$(document).ready(function() {

        		$("#searchbox").autocomplete({ url: 'completion',
        			 max: 5,

Update your css file with required jQuery UI css:

/* Autocomplete
.ui-autocomplete {}
.ui-autocomplete-results { overflow: hidden; z-index: 99999; padding: 1px; position: absolute; }
.ui-autocomplete-results ul { width: 100%; list-style-position: outside; list-style: none; padding: 0; margin: 0; } 

/* if  the width: 100%, a horizontal scrollbar will appear when scroll: true. */
/* !important! if line-height is not set, or is set to a relative unit, scroll will be broken in firefox */
.ui-autocomplete-results li { margin: 0px; padding: 2px 5px; cursor: default; display: block; font: menu; font-size: 12px; line-height: 16px; overflow: hidden; border-collapse: collapse; }
.ui-autocomplete-results li.ui-autocomplete-even { background-color: #fff; }
.ui-autocomplete-results li.ui-autocomplete-odd { background-color: #eee; }

.ui-autocomplete-results li.ui-autocomplete-state-default { background-color: #fff; border: 1px solid #fff; color: #212121; }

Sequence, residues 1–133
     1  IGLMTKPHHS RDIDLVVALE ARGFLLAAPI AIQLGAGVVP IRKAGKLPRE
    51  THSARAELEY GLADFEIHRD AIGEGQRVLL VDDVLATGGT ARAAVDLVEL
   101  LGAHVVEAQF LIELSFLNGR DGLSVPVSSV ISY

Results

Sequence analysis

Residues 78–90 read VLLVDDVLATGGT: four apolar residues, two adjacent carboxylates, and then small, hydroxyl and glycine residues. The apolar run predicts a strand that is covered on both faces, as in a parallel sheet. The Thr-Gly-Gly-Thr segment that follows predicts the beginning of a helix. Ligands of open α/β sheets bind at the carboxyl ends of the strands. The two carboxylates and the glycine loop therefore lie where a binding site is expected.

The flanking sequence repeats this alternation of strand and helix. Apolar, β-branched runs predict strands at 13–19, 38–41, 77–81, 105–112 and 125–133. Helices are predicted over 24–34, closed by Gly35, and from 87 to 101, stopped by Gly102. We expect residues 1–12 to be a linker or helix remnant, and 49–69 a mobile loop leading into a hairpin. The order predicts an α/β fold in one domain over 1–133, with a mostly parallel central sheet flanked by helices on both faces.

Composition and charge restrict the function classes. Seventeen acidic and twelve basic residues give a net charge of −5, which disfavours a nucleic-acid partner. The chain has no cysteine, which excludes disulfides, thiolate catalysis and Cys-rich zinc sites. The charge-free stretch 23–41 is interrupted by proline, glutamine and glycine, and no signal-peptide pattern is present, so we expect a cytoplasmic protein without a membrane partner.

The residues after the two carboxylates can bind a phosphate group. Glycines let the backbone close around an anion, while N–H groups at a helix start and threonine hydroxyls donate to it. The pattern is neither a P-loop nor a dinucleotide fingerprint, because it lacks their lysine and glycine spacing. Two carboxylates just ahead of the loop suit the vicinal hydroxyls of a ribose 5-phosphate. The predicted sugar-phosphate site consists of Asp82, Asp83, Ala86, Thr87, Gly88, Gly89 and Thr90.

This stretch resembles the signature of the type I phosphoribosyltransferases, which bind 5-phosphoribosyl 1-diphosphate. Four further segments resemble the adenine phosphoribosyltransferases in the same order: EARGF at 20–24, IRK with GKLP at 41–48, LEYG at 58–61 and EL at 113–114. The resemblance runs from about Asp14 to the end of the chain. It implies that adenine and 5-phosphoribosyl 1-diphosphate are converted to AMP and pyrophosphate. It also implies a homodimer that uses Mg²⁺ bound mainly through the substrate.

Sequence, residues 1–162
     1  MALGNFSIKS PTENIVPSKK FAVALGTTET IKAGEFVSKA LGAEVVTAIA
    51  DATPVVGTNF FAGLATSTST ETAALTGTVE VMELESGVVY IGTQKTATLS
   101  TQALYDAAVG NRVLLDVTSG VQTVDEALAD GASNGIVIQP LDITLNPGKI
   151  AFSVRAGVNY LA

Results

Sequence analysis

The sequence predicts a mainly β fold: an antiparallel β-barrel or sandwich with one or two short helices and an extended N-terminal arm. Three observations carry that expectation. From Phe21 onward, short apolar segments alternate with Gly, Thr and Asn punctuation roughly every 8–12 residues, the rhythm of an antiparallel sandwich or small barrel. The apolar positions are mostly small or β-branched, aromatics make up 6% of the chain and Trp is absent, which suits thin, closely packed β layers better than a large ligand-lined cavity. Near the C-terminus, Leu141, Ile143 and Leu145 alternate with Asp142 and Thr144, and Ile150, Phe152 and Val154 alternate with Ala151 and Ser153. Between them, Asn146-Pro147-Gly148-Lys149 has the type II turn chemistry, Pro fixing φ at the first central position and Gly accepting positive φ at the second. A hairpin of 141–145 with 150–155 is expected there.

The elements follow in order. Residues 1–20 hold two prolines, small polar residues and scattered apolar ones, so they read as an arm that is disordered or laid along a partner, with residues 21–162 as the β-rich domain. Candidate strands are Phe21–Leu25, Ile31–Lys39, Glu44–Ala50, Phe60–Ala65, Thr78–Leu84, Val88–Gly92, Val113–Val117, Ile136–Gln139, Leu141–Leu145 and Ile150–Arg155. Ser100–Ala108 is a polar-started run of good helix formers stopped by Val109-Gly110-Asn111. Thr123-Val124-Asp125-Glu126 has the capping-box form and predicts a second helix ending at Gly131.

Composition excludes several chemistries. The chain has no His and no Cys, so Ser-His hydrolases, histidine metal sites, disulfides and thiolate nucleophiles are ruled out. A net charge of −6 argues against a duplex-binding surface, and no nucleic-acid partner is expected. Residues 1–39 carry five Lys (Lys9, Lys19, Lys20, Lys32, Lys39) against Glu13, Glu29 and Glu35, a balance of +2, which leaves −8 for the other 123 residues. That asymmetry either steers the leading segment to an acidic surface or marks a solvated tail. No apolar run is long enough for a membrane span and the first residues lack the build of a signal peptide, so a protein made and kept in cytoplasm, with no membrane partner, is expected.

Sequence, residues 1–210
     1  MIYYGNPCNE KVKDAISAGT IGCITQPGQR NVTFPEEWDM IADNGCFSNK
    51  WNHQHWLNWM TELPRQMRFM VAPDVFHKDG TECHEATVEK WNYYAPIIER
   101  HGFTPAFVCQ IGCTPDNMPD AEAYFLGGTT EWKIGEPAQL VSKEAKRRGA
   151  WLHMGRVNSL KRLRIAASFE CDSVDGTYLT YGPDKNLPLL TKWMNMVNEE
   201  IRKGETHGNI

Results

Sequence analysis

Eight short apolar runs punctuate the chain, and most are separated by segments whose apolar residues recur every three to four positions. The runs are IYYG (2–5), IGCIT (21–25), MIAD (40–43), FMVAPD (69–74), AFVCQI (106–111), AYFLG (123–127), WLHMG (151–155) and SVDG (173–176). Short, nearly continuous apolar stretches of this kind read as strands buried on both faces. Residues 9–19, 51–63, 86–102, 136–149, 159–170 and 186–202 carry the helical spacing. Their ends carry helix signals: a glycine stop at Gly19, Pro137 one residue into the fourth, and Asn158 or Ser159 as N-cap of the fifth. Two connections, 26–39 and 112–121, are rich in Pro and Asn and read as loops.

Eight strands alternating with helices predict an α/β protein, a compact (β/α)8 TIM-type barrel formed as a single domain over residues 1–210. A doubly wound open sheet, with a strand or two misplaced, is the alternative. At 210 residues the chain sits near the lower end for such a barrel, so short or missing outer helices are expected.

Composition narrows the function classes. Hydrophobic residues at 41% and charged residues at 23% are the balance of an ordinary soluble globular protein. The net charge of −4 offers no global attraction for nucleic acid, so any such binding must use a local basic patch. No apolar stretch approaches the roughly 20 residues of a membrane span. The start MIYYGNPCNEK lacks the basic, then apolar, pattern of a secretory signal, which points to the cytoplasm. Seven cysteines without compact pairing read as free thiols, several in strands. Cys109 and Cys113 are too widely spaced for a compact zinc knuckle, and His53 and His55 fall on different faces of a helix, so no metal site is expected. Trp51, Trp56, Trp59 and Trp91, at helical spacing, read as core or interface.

.ui-autocomplete-results li.ui-autocomplete-state-active { color: #000; background:#E6E6E6 url(images/ui-bg_glass_75_e6e6e6_1x400.png) repeat-x; border:1px solid #D3D3D3; }

.ui-autocomplete-loading { background: white url('images/ui-anim.basic.16x16.gif') right center no-repeat; }
.ui-autocomplete-over { background-color: #0A246A; color: white; }

Congratulations! You should now have a working Solr-based autocomple search box!
Solr AutoCompletion

SolrJ TermsComponent Support

I was working on implementing an auto-complete search box today using Solr 1.4 and the new TermsComponent. TermsComponent is a simple plugin that provides access to Lucene’s term dictionary and is very fast. Being fast and the fact it can hook into a search index makes it perfect for an auto-completion server.

Unfortunately, SolrJ does not support this new functionality yet. Well not officially because you could always parse the raw response object yourself. That is exactly what I was doing until I figured I might as well just add the support to SolrJ. I did, and it was extremely easy.

I added support for TermsComponent parameters and implemented a new TermsComponent response type. The TermsComponent response is parsed into a list of Type objects. The Type object has two methods, getTerm() and getFrequency(). getTerm() returns the suggested term, and getFrequency() returns the frequency of the term appearing in the index.

I have submitted my patch upstream for inclusion into a future version of SolrJ.

Here is the link to the JIRA bug report:

Here is the patch: